So much has been written about the PTSC suffered by returning veterans that one fact has been ignored. Post-traumatic stress disorder (PTSD) can affect anyone of any age that has lived through a stressful experience.
Symptoms of PTSD differ in adults and children.
Symptoms in an adult: Symptoms in a child:
• Flashbacks or nightmares Not talking about experience.
• Reluctance to talk about experience. Becoming clingy
• Diminished emotional contact with others. Bedwetting
• Exaggerated reactions
• Trouble sleeping
A teenager suffering PTSD might have any combination of symptoms from the 2 above lists. A teen could have some of the symptoms found in a child plus some of those found in an adult. They can file an injury claim after an accident, with the help of a personal injury lawyer in Medicine Hat.
What is the treatment for PTSD?
Both cognitive therapy and psychotherapy can be used to treat someone with PTSD’s symptoms. Utilization of such therapies would add to the cost of medical expenses, following an accident. Naturally, the victim in need of such therapies should get a clear diagnosis before the settlement of a personal injury claim.
While it helps to speak with a therapist, any victim of PTSD’s symptoms can also try some at-home remedies. For instance, it helps to do some mindful breathing. During performance of mindful breathing, the breather’s thoughts should focus on the lung’s movements, and not on any problems.
Some other sit-down techniques make use of the eyes or the muscles. One such technique pushes the stressed individual to take a close look at physical objects. That gets the same individual to focus on the current moment, rather than on the past. That approach might be combined with muscle relaxation techniques.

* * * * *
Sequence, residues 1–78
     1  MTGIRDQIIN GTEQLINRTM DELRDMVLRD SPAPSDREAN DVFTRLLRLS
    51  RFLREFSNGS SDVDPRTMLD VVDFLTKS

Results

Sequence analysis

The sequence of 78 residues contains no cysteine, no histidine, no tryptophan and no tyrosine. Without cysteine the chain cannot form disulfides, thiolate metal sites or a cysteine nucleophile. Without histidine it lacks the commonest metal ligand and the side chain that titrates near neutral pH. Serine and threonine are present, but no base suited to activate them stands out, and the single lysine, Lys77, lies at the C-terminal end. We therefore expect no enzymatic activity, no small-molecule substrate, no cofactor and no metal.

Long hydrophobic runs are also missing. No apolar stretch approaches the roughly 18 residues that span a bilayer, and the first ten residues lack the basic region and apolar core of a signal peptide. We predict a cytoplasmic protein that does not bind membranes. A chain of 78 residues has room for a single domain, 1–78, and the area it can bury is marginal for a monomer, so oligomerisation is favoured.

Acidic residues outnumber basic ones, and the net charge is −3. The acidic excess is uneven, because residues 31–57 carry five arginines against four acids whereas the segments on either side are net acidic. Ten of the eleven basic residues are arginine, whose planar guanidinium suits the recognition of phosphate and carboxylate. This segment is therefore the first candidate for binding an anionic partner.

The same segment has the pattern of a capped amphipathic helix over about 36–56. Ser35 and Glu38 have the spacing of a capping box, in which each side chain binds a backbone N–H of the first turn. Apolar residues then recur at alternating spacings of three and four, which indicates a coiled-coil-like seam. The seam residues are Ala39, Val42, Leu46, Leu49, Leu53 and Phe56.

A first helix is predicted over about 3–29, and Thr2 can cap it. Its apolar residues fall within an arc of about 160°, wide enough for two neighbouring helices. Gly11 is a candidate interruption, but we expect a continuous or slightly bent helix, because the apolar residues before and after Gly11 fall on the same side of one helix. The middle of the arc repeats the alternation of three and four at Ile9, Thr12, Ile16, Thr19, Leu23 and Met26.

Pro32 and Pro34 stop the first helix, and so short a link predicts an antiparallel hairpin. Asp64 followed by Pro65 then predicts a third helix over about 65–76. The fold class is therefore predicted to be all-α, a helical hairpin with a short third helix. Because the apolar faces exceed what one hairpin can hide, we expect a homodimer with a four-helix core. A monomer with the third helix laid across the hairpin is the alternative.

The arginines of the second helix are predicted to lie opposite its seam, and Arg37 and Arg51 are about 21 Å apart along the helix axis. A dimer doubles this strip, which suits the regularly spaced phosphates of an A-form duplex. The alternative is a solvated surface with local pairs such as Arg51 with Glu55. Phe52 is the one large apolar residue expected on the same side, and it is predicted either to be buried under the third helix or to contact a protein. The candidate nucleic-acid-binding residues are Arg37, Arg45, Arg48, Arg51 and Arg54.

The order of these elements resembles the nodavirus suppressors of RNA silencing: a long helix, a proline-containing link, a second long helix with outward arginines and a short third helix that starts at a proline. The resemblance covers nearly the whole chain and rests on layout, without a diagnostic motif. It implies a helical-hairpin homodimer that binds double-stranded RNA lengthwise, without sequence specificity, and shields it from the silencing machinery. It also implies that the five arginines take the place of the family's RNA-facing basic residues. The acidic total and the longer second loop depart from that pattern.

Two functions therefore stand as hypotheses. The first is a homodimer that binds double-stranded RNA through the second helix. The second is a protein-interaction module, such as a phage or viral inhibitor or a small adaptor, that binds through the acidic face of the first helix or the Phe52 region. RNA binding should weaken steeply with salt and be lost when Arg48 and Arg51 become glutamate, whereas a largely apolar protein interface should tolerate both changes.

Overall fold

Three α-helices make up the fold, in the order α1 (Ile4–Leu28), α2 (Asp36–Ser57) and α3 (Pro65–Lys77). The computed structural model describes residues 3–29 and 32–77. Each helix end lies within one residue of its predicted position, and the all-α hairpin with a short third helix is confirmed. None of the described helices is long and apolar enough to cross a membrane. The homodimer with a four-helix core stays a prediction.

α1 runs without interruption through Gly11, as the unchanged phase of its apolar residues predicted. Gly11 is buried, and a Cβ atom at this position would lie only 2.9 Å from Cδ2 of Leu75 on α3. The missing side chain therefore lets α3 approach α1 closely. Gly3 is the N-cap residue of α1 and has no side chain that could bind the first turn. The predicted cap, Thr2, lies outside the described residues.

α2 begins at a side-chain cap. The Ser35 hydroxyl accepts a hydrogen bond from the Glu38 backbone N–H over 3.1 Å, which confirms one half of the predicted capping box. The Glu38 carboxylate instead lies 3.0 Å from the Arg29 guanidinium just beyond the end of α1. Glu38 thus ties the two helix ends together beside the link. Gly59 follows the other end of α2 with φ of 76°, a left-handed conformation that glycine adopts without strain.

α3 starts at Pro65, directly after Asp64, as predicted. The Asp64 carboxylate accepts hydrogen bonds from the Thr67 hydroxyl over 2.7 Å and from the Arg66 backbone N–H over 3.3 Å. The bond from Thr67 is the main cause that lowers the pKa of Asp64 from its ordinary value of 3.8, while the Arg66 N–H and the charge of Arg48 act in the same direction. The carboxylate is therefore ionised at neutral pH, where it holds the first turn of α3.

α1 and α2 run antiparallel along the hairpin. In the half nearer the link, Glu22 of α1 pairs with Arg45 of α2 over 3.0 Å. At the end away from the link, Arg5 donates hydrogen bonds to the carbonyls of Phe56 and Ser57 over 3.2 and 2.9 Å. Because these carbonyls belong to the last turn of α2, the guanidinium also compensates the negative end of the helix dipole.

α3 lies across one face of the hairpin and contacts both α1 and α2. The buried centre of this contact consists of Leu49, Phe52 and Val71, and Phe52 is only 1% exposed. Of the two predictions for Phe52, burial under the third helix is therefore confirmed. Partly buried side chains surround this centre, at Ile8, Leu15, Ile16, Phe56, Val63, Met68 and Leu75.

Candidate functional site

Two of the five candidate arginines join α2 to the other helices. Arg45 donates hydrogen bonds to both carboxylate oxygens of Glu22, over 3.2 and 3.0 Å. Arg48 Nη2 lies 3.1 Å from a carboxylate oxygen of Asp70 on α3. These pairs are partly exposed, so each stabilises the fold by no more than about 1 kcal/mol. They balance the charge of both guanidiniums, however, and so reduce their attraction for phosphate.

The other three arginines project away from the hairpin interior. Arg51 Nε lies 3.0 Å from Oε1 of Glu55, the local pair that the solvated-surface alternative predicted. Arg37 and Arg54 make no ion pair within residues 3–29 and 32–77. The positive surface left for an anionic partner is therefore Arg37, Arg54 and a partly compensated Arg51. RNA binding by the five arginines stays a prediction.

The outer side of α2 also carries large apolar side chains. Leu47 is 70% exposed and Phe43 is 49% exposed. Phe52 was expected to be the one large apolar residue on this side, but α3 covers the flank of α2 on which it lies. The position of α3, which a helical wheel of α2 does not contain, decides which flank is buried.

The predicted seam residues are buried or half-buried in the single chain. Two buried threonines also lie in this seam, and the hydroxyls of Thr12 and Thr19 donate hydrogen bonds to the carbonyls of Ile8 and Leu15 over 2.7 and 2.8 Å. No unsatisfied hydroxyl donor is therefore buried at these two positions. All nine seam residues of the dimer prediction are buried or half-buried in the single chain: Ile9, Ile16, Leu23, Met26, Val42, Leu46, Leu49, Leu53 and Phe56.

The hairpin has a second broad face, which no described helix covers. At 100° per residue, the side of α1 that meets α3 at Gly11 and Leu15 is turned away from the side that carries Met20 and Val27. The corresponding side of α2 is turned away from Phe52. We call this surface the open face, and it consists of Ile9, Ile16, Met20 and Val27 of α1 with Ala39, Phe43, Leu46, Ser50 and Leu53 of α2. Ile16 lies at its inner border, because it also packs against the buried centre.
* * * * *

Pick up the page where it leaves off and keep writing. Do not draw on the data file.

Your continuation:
Not all of the treatments for PTSD’s symptoms require time spent in a chair or in a reclining position. Stress can be addressed by exercising those practices that are associated with good self-care habits. The positive effect of such self-care can get strengthened through pursuit of enjoyable activities.
It may prove necessary to seek a therapist’s help with finding the ideal activity for the stressed man or woman. Obviously, it would make no sense to push a stressed individual to work on a project that demands use of a skill that he or she has not yet mastered. For instance, painting might not appeal to someone that lacks the talents of an artist.
Care must be taken to avoid insistence on an activity that the PTSD-sufferer does not find enjoyable. Indeed, it makes no sense to push for the utilization of any home remedy. Putting pressure on anyone that has shown signs of being under stress only serves to increase the level of stress in the pressured man or woman. Such behavior can trigger further development of emotional trauma.